Companies continue to grow their natural gas production from Ohio’s shale formations, and state inspectors play a key role in defending communities and the environment.
But there’s a debate on whether or not the state has enough inspectors for the important task. Ohio Public Radio's Andy Chow reports.
Environmental advocates are calling on the state of Ohio to strengthen its force when it comes to oil and gas well inspectors. These are people with the Ohio Department of Natural Resources that keep an eye on drilling sites before, during and after the production of a well.
Right now the state has 41 full-time inspectors with seven managers who also perform inspections. That’s 48 people overseeing a state that has more than 64,000 active wells.
Nathan Johnson is an attorney with the Ohio Environmental Council. He says the inspectors only look at 10% of the state’s active wells every year. With the proliferation of hydraulic fracturing, also known as fracking, that workload could start to stack up as more horizontal wells go online.
Johnson: “There aren’t enough inspectors right now to get out there and do the on-the-ground job and looking for violations, looking for spills, looking for pollution—I mean that really needs to be beefed up a lot.”
But it’s not that simple, according to Tom Stewart. He’s the executive vice president of the Ohio Oil and Gas Association, a group that represents companies in the industry.
As Stewart explains, while the ratio may seem lopsided, most wells are smaller, low-producing operations that don’t need constant review especially since the construction of the well is the most important phase.
Stewart: “It would be pointless and a waste of the state’s resources to have the number of inspectors to go out there and inspect each one of those. That’s the same as saying that you need a restaurant inspector for every little restaurant or bistro or food serving facility that’s out there—you wouldn’t staff up so that there’s a one-to-one ratio or whatever people are suggesting.”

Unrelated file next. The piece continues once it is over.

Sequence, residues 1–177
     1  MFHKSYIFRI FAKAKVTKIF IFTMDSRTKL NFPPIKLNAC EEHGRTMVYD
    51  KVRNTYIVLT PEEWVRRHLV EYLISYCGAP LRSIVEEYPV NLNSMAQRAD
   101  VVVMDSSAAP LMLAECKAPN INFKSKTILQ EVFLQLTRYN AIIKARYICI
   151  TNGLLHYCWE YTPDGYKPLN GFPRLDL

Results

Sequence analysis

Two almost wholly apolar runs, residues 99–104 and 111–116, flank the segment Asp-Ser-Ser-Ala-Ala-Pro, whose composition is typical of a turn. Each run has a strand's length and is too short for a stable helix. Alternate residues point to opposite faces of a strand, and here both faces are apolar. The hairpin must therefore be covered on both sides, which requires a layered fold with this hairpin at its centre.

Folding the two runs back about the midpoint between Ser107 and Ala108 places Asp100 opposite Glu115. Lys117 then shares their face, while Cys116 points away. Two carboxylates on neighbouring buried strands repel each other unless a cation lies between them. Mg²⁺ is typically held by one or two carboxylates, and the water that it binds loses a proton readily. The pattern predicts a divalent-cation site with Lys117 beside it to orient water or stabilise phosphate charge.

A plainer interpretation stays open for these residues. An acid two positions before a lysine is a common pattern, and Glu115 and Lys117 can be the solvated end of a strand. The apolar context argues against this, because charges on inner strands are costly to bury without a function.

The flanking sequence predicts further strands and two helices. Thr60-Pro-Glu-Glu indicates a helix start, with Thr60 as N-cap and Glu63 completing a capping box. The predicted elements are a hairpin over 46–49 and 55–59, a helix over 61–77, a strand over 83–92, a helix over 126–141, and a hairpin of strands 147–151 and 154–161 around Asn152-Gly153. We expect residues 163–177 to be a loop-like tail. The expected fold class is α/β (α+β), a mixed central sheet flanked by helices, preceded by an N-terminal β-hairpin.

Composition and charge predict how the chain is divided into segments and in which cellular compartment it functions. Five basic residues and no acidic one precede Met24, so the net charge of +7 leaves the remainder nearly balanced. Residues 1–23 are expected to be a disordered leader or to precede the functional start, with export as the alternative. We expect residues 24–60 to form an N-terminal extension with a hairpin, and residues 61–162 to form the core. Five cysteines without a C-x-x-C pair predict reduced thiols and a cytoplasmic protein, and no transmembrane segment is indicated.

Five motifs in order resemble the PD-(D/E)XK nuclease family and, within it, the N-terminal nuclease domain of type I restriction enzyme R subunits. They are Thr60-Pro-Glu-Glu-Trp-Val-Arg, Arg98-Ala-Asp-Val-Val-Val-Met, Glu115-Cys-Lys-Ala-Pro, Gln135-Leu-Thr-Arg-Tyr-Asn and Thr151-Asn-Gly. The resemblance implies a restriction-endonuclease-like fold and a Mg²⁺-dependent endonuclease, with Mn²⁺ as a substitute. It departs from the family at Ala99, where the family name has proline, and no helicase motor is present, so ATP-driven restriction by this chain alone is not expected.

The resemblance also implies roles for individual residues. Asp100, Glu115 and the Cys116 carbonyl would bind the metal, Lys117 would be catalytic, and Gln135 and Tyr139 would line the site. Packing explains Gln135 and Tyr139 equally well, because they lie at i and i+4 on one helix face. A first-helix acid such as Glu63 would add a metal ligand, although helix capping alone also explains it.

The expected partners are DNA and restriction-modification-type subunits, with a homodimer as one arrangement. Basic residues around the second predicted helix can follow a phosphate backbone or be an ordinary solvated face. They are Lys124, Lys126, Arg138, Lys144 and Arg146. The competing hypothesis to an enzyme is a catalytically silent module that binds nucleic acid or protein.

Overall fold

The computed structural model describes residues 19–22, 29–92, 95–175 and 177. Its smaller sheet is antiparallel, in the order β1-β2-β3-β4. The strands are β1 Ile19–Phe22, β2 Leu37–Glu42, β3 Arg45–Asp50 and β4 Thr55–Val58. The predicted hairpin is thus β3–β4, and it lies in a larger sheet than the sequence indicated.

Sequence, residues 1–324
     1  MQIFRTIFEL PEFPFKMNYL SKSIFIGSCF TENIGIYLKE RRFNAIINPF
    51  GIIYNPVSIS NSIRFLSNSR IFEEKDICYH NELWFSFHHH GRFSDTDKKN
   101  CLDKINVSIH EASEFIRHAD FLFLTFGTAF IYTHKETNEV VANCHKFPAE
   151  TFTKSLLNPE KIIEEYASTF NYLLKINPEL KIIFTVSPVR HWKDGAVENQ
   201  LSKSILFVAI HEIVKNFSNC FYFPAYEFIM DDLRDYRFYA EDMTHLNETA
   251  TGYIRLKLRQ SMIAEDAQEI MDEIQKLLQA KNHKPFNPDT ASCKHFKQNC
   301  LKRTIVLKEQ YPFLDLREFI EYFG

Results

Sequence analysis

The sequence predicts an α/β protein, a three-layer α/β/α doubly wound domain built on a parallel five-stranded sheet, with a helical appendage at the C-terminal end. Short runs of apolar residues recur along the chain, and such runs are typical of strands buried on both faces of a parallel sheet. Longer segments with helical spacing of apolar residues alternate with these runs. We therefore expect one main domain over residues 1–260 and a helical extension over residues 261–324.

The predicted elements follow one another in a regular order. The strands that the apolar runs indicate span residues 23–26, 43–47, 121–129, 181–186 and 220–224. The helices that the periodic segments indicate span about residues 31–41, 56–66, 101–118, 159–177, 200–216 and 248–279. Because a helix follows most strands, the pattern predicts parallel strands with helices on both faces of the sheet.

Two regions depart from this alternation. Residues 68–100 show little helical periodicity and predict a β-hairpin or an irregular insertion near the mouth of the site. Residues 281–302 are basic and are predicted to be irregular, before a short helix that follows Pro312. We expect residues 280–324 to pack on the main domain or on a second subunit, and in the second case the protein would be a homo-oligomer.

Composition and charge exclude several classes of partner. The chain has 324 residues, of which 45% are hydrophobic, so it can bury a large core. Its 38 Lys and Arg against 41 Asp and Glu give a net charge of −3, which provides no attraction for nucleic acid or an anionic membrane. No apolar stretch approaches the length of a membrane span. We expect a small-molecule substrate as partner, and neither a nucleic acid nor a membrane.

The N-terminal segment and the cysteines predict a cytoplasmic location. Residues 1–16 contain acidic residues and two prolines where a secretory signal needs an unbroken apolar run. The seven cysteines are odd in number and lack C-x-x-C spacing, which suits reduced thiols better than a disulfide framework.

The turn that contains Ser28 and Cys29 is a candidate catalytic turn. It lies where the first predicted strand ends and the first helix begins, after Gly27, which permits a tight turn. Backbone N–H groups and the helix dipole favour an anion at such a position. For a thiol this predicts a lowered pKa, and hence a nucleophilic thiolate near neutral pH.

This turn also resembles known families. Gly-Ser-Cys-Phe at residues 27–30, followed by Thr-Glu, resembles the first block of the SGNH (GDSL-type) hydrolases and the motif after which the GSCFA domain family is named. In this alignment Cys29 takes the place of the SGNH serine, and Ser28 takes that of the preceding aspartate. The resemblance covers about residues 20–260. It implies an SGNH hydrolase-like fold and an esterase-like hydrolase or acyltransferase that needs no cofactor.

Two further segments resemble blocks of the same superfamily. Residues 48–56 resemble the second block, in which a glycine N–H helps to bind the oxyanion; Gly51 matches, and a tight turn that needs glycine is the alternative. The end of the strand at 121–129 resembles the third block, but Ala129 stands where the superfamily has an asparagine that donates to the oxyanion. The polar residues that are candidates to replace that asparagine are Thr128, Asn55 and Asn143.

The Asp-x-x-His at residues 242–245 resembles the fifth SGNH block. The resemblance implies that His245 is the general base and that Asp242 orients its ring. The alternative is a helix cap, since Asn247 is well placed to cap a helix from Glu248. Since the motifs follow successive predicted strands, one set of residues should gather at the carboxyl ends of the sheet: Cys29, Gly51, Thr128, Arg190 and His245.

Dave Claus is deputy chief with the state’s Division of Oil and Gas Resources Management. He says, right now, the state has enough people to handle the workload.
Claus: “It’s constantly changing—we evaluate our need and as we see an increase in activity then we’ll post a position for more inspectors. I would say at this point we’re right on target but we are anticipating more inspectors to be hired.”
A 2012 report by EnergyWire, an energy focused news publication, took a closer look at inspector ratios from top oil and gas producing states. According to the report, Oklahoma had 62 inspectors to oversee more than 180,000 active wells. It was noted that an active didn’t necessarily mean it was producing. As for Pennsylvania, the reports showed 83 inspectors for more than 32,000 producing oil and gas wells.
Again Stewart says this all depends on the size of each operation and its production status. But Johnson with the Ohio Environmental Council says it’s not just about the inspections but the level of enforcement.
Johnson: “Unfortunately we have a history, whether it’s this administration or frankly administrations in the past there seems to be a pattern of looking away and not being as serious as the administration should be or could be in terms of enforcing violations when they occur. So it’s not only staffing but being serious about violations when they’re found.”
Stewart and Claus say the inspectors have been efficient in reviewing Ohio’s wells.
As far as hiring more inspectors, the Ohio Department of Natural Resources has new authority granted by the General Assembly. Governor John Kasich included a measure in his budget that allows ODNR to request more money from the state when needed. In fact, the department is looking to hire three more inspectors right now.